Dealing with child custody in military families presents is often a lot more complicated than in non-military families, primarily because the military service member has very little control over his (or her) life. When it’s possible that a parent could be transferred to another location or deployed to another country, there’s a measure of instability and unpredictability that can make establishing a workable permanent custodial relationship difficult.
It’s not impossible, though, especially if you and your child’s father are committed to working together for the sake of your children. For military families, there are some unique issues that complicate child custody.
One of the biggest issues is deployment. Because about a third of the Navy is stationed in Hampton Roads, this is an issue that comes up pretty frequently. The good news here is that when you go to talk to an attorney about your military divorce or custody issues, the attorney probably isn’t a stranger to these common problems. (It can’t hurt to ask your attorney, though, just to be sure—because it definitely requires some expertise to handle these situations!) In my practice, I see military families all the time, and I’m familiar with the problems that deployment poses.
Many families think that custody and visitation during deployment is no big deal, because the children can just go back and forth whenever the military parent is home from deployment. That CAN work, but you’ll have to remember that this will only work well if the two of you are able to work together. Remember that the burden will be on you (as the non-deploying parent) to try to maintain communication between the children and their father. These days, that’s not too difficult of a task, because of the ability to use video chat, iChat, Skype, FaceTime, or whatever other means you have available to you.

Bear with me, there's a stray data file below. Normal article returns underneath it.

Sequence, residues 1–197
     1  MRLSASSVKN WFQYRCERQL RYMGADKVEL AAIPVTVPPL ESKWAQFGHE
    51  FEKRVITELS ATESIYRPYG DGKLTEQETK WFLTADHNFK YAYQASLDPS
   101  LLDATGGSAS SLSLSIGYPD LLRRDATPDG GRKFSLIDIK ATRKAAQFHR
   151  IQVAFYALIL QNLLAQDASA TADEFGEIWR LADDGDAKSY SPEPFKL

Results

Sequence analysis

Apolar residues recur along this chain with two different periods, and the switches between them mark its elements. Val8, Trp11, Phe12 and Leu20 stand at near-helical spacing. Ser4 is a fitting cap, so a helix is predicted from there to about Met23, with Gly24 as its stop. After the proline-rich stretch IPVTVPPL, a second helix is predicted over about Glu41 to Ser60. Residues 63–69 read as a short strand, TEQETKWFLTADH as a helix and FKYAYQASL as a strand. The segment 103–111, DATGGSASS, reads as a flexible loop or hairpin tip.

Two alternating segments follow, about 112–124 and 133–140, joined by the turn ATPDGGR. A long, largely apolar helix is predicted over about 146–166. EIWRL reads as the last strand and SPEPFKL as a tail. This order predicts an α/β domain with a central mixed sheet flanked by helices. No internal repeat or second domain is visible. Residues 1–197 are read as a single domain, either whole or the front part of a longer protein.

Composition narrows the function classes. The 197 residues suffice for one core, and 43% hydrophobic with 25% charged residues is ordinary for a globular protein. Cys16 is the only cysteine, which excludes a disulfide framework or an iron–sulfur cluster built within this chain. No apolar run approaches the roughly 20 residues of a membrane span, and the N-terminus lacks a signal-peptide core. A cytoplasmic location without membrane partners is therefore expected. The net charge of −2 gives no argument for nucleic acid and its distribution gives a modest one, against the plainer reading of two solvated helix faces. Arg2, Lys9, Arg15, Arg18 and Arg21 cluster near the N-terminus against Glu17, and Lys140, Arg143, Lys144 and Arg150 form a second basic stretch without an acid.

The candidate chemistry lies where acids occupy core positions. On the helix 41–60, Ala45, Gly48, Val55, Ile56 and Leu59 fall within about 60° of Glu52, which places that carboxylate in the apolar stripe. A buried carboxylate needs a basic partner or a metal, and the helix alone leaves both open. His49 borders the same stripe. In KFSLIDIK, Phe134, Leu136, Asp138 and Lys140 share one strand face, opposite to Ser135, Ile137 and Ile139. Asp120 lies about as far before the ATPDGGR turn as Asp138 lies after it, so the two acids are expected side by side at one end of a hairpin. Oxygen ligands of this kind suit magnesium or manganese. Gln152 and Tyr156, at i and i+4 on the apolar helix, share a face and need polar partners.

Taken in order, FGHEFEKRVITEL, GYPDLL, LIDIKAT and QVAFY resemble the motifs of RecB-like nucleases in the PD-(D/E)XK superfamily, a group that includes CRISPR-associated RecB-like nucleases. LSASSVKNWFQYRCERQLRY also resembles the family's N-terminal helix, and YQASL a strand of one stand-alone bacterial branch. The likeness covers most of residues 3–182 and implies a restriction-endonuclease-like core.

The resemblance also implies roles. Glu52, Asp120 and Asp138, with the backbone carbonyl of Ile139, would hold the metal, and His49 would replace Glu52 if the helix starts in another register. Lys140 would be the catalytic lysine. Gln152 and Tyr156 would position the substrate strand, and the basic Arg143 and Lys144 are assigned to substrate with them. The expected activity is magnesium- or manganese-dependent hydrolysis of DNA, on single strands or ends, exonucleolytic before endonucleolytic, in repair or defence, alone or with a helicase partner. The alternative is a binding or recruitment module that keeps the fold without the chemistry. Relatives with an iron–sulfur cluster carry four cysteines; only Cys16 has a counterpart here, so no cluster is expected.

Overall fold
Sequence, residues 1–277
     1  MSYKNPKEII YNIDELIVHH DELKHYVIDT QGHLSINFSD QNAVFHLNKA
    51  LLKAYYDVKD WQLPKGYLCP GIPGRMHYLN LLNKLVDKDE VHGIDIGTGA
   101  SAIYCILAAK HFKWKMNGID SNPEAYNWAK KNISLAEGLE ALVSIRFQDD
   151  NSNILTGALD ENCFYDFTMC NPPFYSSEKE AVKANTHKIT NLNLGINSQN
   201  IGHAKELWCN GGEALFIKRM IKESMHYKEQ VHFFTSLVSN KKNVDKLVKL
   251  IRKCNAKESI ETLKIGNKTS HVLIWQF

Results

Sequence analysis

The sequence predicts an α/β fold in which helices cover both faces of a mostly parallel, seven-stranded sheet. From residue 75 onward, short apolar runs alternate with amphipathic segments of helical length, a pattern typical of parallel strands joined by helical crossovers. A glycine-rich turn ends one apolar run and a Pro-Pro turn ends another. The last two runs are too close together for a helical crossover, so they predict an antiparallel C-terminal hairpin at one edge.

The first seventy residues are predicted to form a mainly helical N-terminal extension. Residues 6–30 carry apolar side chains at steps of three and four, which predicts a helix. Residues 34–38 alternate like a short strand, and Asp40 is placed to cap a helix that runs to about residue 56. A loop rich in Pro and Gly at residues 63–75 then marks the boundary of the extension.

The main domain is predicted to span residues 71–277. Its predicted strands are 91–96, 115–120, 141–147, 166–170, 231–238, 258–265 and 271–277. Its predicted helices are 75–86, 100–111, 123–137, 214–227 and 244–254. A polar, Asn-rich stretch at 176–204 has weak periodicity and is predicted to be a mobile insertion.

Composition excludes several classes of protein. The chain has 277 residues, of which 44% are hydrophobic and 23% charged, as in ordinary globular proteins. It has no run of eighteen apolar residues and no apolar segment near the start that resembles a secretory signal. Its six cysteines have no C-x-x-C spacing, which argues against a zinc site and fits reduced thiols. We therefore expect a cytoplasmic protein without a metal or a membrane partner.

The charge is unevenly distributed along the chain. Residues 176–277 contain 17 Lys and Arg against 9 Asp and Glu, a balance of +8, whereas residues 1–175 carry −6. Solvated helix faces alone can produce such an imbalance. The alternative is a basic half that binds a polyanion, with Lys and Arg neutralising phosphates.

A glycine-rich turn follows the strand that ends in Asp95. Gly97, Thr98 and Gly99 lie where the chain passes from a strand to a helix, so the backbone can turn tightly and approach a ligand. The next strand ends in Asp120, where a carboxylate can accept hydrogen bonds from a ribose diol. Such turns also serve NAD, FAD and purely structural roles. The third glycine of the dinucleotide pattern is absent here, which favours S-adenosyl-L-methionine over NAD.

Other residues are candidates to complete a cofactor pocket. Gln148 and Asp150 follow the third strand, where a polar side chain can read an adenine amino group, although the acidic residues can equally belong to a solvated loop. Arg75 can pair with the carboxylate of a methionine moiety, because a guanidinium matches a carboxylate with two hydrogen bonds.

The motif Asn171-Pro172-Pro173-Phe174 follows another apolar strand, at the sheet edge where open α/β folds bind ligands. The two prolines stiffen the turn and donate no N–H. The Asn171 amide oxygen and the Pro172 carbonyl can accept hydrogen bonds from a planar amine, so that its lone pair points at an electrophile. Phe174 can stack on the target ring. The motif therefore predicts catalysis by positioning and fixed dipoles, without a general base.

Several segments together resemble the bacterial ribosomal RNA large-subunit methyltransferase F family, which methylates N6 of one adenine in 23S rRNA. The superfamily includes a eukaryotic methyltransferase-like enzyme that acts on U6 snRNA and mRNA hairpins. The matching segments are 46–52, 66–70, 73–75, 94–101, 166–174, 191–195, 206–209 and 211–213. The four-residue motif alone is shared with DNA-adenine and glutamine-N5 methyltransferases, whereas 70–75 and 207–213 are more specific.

Custody and visitation arrangements should be unique to each particular family, so that you can be sure that it will work for you. The most important thing is to remember the best interests of the child factors, and come up with something that takes into account the children’s needs as well as dad’s military schedule. It’s difficult and inconvenient at times, but I’ve seen these arrangements work well when two parents are committed to making it work for the sake of their children.